As Huffington highlights, nature and art are two of the most fertile grounds for experiencing wonder.
She quotes essayist and philosopher Alain de Botton describing Claude Monet’s The Water-Lily Pond, one of the most popular works in the National Gallery in London, “some worry that the fondness for this kind of art is a delusion: Those who love pretty gardens are in danger of forgetting the actual conditions of life — war, disease, political error, immorality.
The real risk is that we will fall into depression and despair; the danger is that we will lose hope in the human project. It is this kind of despondency that art is uniquely well suited to correct. Flowers in spring, blue skies, children running on the beach… these are visual symbols of hope.”
A simple proof of the power of art and how people are drawn to its expressions is the fact that Tate Modern, a modern art museum in London, is the most visited attraction in the UK. 5.9 million people visited it in 2018.
However, we can miss this moments. We can be so intent on recording them that we are not actually present to experience them. Huffington puts it this way, “By so obsessively documenting our experiences, we never truly have them.”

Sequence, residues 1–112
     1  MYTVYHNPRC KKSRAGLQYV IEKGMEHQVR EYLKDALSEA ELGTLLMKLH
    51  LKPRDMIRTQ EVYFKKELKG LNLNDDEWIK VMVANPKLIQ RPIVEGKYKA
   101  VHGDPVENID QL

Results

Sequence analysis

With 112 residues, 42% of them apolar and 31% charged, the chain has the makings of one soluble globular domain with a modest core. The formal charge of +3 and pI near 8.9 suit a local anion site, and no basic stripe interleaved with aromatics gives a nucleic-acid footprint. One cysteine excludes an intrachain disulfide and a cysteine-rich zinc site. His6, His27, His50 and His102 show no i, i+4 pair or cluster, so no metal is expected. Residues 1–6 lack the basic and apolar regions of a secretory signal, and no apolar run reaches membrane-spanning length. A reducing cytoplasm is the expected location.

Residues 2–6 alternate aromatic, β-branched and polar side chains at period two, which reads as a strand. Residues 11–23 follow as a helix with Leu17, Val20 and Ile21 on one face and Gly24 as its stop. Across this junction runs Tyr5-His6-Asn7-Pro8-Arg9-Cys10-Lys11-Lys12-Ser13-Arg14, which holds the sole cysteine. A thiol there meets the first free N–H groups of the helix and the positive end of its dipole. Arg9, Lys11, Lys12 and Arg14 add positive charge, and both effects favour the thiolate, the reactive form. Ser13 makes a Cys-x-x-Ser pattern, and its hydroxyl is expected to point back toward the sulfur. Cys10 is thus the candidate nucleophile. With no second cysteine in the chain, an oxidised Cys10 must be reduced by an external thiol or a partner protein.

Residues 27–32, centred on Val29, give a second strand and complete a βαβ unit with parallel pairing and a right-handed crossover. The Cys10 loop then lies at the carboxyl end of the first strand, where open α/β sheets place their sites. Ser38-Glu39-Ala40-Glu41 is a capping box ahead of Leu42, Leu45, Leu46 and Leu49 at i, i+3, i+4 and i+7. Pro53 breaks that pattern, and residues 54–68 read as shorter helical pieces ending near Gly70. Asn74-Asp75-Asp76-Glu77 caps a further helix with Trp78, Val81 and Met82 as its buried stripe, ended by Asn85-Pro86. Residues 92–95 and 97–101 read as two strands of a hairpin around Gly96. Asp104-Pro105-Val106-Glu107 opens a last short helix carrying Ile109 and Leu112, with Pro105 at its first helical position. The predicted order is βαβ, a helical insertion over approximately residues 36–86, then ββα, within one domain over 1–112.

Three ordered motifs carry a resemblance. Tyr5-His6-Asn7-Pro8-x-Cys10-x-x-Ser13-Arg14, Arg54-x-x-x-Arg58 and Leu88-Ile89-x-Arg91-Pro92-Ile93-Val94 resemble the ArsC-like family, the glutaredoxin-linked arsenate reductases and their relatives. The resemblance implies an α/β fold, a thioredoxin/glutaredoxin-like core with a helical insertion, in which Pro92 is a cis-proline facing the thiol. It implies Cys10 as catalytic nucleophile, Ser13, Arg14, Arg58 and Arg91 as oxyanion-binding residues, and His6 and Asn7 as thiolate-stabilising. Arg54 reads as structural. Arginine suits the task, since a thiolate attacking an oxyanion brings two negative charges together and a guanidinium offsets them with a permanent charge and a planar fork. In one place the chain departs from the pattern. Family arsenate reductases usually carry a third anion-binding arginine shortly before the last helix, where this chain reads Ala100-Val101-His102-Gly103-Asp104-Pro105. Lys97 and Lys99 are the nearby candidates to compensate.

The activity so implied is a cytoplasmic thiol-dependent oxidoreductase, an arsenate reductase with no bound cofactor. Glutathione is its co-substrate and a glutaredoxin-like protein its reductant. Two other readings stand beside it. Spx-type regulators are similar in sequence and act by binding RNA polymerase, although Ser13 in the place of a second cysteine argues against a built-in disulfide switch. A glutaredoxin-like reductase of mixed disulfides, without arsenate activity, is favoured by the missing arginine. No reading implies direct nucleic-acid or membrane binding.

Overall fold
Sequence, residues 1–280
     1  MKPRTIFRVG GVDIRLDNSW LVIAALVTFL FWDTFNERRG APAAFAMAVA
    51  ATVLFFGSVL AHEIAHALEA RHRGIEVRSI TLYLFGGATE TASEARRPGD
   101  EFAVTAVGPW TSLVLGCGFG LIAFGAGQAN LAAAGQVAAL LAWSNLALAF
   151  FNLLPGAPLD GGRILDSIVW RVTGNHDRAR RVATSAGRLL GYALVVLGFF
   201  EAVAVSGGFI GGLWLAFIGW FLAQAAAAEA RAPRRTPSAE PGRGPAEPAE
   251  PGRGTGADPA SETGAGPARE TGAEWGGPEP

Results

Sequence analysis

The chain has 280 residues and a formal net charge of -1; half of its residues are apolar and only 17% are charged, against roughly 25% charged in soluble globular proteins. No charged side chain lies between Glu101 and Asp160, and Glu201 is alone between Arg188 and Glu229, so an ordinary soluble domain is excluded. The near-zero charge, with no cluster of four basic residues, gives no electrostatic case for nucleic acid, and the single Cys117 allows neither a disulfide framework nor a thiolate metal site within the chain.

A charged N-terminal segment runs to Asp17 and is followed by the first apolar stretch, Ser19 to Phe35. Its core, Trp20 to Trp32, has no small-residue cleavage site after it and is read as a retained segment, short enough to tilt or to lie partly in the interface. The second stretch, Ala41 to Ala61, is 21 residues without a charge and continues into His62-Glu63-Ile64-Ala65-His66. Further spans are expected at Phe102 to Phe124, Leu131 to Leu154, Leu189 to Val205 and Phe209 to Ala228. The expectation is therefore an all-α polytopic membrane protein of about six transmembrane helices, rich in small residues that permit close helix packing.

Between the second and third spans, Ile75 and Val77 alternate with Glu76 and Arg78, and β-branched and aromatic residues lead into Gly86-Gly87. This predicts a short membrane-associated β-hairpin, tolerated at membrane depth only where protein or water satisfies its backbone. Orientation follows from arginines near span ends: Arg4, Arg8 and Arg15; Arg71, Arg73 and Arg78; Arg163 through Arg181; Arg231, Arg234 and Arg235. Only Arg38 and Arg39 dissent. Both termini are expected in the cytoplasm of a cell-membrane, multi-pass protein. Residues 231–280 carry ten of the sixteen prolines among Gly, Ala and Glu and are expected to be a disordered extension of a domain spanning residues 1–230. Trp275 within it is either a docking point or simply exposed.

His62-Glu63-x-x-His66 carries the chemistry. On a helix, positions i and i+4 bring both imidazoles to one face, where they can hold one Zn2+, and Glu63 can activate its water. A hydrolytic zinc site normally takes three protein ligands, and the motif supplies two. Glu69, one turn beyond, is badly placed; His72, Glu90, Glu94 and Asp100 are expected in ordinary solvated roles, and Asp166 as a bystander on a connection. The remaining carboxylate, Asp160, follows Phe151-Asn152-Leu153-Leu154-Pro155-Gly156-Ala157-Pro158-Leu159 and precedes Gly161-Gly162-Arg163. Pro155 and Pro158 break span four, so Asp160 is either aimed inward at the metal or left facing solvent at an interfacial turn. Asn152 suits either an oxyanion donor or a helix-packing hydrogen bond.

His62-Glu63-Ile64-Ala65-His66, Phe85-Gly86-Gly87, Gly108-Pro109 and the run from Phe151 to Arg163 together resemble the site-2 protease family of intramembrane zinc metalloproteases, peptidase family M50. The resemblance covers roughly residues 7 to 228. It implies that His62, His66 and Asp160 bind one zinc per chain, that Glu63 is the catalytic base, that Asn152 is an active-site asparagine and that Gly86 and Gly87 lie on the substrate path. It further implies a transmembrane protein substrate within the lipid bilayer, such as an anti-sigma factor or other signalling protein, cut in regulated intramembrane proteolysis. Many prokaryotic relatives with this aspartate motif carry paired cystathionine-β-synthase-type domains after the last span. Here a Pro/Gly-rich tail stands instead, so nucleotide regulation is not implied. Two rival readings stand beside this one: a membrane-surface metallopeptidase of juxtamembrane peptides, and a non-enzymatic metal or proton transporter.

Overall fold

An American friend of mine who lives in South African but recently returned to the States and as part of their trip she and her family visited the Grand Canyon. This is what she wrote in her blog about her experience:
“Surveying the canyon wall, the weaving and winding Colorado River far, far, far below and the flora and fauna left me speechless. I absolutely had no words for what I was seeing for the first time in my life. Like others, I took photos. But more times than not, all I could do was stare in wonder at this magnificent handiwork.”
She goes on to write, “When we reached Mather point, though, it was then that culture shock jolted our sense. As we surveyed the scene, we really didn’t see people stopping to gaze in admiration at the spectacular view before them. Instead, achieving that perfect pose for Instagram and Facebook seemed to be the priority for this media-influenced multitude.”
Sherry Turkle, author of Alone Together, writes about the cost of constantly documenting and photographing our lives. But an even younger generation is yearning for the “real” once more. She quotes a fourteen year old boy who told her: “Don’t people know that sometimes you can just look out the window of a car and see the world go by and it’s wonderful. You can think. People don’t know that.”
What is required for us to experience the awesome is attention. Not so easy with our notoriously short attention spans and our distracting our worries and pre-occupations.
I end with where I began — fishing with my Dad. Besides the gentle but profound beauty of that morning what stays with me is the gift of silence, made more perfect in the company of someone I love and who loves me.
From a business perspective we know that speed is getting more and more essential. The pace of technology is advancing exponentially. In the normal routine of life we are busy, even frantic. We have noise and hurry and hustle bombarding us from all directions.
Every now and then step out of this bustling freneticism and stop. Look. Listen. Smell. Be quiet. Be still. Breathe.